As I was grinding away on the elliptical trainer, one of the local TV Talking Heads opined that there wasn’t much going on this morning trafficwise. Not much going on newswise either. The big story: the Senate voted Saturday night to begin the debate over health-care reform. Ah, what have they been doing for the past nine months? Sheesh. At this rate someone will have to wheel me in for my death panel review.
But it’s the beginning of the holiday week. And for many this is the best holiday of the year. Unless you’re cooking (and admittedly, that’s a big unless), all you have to do is eat and try not to get too shitfaced and say something during dinner that will get you in life’s penalty box for the rest of the year or beyond. Woot.
It’s also a holiday with a practical purpose. Thanksgiving allows you to carbo load to prepare for the great American sporting event of shopping early and often on Black Friday. I wish I had the guts and stamina to participate in this mayhem, but as with the offering of sweet potatoes, I’ll pass again this year.
Many won’t. And that’s a good thing for our economy. But Black Friday really has become the equivalent of a blood sport. It’s the American version of the Running of the Bulls. And I’ll admit it, if I’m going to get trampled, it’s going to be for more than a wide-screen TV.
OK, c’mon. This really is serious — and to a certain extent dangerous.
Last year a Wal-Mart employee was killed and 11 customers were injured at a story in New York during the shopping crunch. And like most of these incidents, it called attention to the problem and has led to some modifications in security and procedures at stores everywhere to try to reduce the danger. Here’s from a post by Eve Tahmincloghu on MSNBC.com, “Cloud from trampling hangs over Black Friday“:
Ogera Charles, the father of the 34-year old temporary Wal-Mart worker who died last year, said he hoped the company and shoppers will do whatever is needed to prevent a repeat of last year’s disaster.
“No one wants to die so young,” he said of his son, Jdimytai Damour.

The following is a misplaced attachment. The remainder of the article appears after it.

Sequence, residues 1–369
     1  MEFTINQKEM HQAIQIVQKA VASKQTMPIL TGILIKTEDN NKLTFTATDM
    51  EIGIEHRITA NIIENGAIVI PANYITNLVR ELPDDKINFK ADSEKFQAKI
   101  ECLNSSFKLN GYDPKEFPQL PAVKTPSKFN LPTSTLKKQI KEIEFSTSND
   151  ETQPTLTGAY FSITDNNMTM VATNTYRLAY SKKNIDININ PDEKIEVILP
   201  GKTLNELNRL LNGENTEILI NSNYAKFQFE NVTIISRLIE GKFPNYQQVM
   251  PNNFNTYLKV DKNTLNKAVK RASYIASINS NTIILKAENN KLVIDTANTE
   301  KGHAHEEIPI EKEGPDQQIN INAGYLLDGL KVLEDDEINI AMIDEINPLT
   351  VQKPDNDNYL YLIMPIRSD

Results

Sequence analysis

Concerns about crowd control do not seem to have dampened enthusiasm among shoppers.
A holiday shopping survey from Accenture found that 52 percent of consumers polled said they planned to shop on Black Friday this year, up from 42 percent last year, when the financial crisis and resulting economic jitters were at their height.
“I actually think what happened last year may give more of mystique and cache to Black Friday this year,” said Richard Divine, expert in buyer behavior and chairman of the marketing department at Central Michigan University. People may think, he said, “If there’s that good a deal that people are getting killed over it, then maybe I have to check it out.”
“If there’s that good a deal that people are getting killed over it, then maybe I have to check it out.” Oh mama. Don’t let your babies grow up to be shoppers — on Black Friday.
I guess I could argue for civility here as a way to solve this problem — and ensure that everyone gets the opportunity to return home and enjoy Thanksgiving leftovers after the merchandise has been picked apart. But I’m becoming a realist in my dotage. Shoppers intent on getting a bargain will elbow Mother Teresa to the ground. Just sayin’.
So enjoy the Thanksgiving food and festivities. And enjoy the shopping if you must.
But as Sgt. Phil Esterhaus so aptly opined on Hill Street Blues: “Let’s be careful out there.”